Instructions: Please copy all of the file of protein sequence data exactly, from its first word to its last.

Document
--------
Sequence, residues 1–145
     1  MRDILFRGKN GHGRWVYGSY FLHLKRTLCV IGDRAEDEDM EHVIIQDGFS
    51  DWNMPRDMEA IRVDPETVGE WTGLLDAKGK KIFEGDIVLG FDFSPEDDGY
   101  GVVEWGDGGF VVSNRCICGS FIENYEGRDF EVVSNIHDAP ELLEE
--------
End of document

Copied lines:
Sequence, residues 1–145
     1  MRDILFRGKN GHGRWVYGSY FLHLKRTLCV IGDRAEDEDM EHVIIQDGFS
    51  DWNMPRDMEA IRVDPETVGE WTGLLDAKGK KIFEGDIVLG FDFSPEDDGY
   101  GVVEWGDGGF VVSNRCICGS FIENYEGRDF EVVSNIHDAP ELLEE